THE PROCESS of exiting the greater part of Denel’s Aerostructures Manufacturing Business is now at an advanced stage with major steps put in place to minimise the impact on job losses within the company.
This follows the mutual agreement by Denel and its customers to transfer the manufacturing of aircraft parts to alternative suppliers as the business was no longer sustainable for Denel.
The Divisional Chief Executive of Denel Aeronautics, Mike Kgobe, says the company has concluded consultation as required by the Labour Relations Act Section 189A with relevant stakeholders including Organised Labour and Representatives of Non-Unionised Employees.
The consultation process was facilitated by a Senior CCMA Commissioner and will result in retrenchments based on operational requirements.
“We have really worked hard in trying to keep job losses to a minimum and some of the employees will be transferred to other positions within the Denel group while voluntary severance packages have been offered.”
Denel applied to both the Departments of Public Enterprises and Finance to wind up the business of Denel Aerostructures SOC Ltd in terms of Section 54 of the Public Finance Management Act. Formal approvals were granted during 2019.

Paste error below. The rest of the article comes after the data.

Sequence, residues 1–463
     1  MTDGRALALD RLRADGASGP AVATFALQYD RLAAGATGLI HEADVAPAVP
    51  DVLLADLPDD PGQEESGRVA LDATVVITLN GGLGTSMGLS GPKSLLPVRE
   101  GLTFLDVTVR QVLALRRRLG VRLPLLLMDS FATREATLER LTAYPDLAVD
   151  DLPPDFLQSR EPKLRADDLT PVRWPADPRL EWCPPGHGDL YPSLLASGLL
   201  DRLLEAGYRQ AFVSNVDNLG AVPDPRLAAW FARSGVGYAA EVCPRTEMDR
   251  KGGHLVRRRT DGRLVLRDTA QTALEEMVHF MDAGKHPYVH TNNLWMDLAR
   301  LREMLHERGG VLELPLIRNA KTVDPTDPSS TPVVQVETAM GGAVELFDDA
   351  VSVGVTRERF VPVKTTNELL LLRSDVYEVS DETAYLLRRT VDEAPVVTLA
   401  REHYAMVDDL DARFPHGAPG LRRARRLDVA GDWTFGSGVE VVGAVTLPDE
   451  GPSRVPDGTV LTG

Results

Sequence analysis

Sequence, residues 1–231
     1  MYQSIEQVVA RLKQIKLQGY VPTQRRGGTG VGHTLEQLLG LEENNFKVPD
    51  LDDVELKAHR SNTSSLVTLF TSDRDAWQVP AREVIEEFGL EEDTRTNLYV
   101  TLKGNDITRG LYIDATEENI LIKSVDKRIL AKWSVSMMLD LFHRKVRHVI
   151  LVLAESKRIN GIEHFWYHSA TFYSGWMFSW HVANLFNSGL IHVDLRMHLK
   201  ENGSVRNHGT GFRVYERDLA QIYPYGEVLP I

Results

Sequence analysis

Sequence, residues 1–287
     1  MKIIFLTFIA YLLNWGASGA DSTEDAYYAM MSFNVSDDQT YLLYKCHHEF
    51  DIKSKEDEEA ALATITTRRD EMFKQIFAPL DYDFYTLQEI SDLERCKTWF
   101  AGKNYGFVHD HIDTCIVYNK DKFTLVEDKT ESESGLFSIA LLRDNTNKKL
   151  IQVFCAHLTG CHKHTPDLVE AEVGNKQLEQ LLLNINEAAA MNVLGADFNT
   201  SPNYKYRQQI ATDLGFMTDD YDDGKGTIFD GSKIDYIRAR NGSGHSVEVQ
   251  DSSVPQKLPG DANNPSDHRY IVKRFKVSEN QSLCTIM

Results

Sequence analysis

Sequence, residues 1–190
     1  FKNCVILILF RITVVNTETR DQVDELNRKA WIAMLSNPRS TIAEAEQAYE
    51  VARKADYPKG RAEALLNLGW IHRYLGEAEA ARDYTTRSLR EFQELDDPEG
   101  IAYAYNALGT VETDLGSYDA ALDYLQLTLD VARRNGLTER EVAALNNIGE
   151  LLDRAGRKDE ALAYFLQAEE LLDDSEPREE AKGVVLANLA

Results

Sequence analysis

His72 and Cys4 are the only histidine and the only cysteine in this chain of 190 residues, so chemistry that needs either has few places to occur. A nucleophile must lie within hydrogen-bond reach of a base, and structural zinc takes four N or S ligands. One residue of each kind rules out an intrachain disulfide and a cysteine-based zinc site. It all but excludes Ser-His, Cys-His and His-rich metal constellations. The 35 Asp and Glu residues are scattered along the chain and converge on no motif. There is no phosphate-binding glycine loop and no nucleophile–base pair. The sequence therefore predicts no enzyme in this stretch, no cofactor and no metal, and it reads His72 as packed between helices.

The Denel Group Chief Executive Officer, Danie du Toit says the decision to wind up the company is in line with the broader long-term strategy to reposition Denel and return it to profitability.
The winding up of the Aerostructures Manufacturing business will not affect other businesses conducted by Denel Aeronautics at the Kempton Park campus.
This includes the support given to the Rooivalk combat helicopter, the Oryx medium transport helicopter, the C130 transport aircraft together with the export business for the Cheetah multi-role fighter aircraft and Puma helicopter and various maintenance, repair, and overhaul (MRO) services provided to both the SA Air Force and other customers.
Image (Denel GCEO Danie du Toit says winding up will help consolidate the company’s profit).